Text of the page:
None of us would have the life we have now if it went exactly the way we wanted it. For better or worse, we don’t always call the shots.
We can try our hardest, put our best foot forward, exert every ounce of our best effort and still not have a favorable outcome. That’s life.
You can call them failures, closed doors, unfortunate events or whatever makes you sleep better at night, but the truth is they’re going to come. And it’s for this reason why it’s imperative we know what and what not to do when things don’t work out.
Unprepared failures can take the wind out your sail. It can rob you of your confidence, have you second guessing yourself and even blind your with false illusions.
Suddenly, you’re not making any progress and you’re unhappy. Thoughts of if you’re good enough begin to creep in your head and everything you’ve been work on leading up to that one mistake goes out the window.
We should treat failures the way quarterbacks should treat interceptions: with short-term memory. When you hear success stories and testimonials of comebacks, they’re usually of people who’ve adapted some kind of response-method to failing — a way to use the failure for good.
It’s easy to get in a rut, but that does not mean we have to stay there. When we don’t take the failures too hard, keep the loss at minimum and allow ourselves to get better, failures wont be as scary.
Do not overquantify the failure
One of the first things we do when we mess up or when we get a “no” is let that one mishap define our entire life. Rule number one to failing is not to overquantify the failure.
When cannot dwell on the negative. While that doesn’t give us the permission to turn a blind eye to every mistake we make, our job is to accept it for what it is and move on. Nothing more, nothing less.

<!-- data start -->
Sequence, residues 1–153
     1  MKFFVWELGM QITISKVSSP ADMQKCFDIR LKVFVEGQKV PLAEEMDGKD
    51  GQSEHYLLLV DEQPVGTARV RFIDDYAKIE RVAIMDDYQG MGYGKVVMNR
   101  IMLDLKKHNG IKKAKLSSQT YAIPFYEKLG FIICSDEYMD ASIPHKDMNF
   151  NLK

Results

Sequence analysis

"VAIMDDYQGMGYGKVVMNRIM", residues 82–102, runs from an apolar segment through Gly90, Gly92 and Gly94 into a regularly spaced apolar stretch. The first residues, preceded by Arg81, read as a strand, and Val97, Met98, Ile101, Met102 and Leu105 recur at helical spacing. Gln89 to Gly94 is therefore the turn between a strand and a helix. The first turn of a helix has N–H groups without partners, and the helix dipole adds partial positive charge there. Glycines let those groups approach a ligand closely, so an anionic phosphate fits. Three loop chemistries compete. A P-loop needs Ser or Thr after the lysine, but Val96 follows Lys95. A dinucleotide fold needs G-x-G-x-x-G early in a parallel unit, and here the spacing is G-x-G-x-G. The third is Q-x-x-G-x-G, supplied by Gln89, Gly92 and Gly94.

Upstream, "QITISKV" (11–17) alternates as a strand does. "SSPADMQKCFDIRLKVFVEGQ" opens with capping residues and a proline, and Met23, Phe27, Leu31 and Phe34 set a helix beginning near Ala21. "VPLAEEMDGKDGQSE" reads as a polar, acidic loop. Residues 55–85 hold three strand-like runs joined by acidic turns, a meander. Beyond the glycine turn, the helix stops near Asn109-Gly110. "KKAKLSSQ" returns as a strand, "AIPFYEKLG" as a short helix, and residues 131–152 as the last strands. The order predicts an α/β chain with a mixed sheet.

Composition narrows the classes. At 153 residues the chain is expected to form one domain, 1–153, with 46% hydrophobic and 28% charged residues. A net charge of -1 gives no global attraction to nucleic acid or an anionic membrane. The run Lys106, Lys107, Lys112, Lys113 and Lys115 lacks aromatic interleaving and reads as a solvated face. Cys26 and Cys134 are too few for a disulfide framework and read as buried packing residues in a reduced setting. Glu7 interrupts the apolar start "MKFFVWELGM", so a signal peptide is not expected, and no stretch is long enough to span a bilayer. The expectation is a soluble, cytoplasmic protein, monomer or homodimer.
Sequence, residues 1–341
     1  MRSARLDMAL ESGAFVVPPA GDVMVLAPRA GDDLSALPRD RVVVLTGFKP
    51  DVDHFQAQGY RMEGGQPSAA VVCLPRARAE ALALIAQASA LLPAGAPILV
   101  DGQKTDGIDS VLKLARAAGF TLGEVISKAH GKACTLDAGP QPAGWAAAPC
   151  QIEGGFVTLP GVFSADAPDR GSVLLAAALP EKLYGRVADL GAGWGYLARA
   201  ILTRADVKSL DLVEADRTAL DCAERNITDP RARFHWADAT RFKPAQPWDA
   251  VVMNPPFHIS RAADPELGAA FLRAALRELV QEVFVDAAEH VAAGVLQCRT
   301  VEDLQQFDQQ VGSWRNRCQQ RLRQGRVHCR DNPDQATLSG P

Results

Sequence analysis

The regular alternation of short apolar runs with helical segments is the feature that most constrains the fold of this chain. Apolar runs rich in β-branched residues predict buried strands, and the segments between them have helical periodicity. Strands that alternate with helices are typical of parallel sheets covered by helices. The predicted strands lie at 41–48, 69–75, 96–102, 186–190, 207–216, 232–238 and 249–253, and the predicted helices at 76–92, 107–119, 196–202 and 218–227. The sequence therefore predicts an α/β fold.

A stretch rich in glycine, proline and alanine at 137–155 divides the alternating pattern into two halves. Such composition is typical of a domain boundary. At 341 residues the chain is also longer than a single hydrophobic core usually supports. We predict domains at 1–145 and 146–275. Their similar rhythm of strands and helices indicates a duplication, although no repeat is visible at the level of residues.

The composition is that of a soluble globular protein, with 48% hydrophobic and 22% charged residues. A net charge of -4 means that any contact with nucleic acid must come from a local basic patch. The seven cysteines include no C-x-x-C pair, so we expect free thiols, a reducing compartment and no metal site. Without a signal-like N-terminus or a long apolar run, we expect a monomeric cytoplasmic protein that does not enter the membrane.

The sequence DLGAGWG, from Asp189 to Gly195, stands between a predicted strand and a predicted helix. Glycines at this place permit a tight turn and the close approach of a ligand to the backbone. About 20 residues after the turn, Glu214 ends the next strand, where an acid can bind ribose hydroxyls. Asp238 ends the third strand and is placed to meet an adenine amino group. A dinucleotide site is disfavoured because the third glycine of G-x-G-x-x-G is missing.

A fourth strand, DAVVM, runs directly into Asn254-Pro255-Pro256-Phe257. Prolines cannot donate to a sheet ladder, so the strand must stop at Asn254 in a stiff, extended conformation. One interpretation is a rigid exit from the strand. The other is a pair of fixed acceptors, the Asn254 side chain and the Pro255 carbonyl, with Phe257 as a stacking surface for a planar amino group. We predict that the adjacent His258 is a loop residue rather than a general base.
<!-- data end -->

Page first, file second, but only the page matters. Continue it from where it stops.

Whether its an emplyer saying you didn’t get the gig, a school saying you didn’t get in or an audition you didn’t land, if we give that one program all the power, we block all the countless possibilities that may be an even better fit.
Take every loss for what it is and move on. Never let a mistake ruin you.
Do not allow yourself to snowball
A lot of times when things don’t work out in our favor, or when we’ve had a perceived failure, we allow ourselves to sulk and spiral down into counterproductive decision-making.
Because we don’t know how to handle failure, we allow ourselves to think all is lost and that we no longer have anything to lose. But one step back does not mean you have to start from ground zero.
The faster we pick ourselves up, the faster we’ll be back on track. It may be discouraging and even pointless, but continuing is our only responsibility. Perfection is a myth, so we shouldn’t see one failure as conclusive.
The lie is that the journey is one without flaws. That unless it’s smooth and seamless, it isn’t right. But that’s far from the truth.
Do not rush the process
The last and equally important thing to remember when you fail is to not rush the process. You’re learning, you’re figuring things out, you’re improving. Getting mad over every fall and shortcoming is only going to frustrate you.
Egos get crushed while chasing greatness. You won’t make it if you look for a shortcut around every failure. You won’t see your dreams come true if every failure comes with impatience to learn where you went left.
Life is about trusting the process. We must understand that everything wont be for us; that, even though things may not work out one way, that doesn’t mean it’s the end of the world, it just means that there’s something else in store for you.
When we rush the process we’ll take every failure personally instead of seeing it as development, we’ll dive into opportunities that aren’t best suited for us because we’re tired of trying, or we’ll just give up completely.
Those who win know how to fail, and that takes not giving failures too much credence, not thinking one failure has done us in and having patience.
Once we master these we’ll be prepared for failure that comes our way and ready to rebound past it.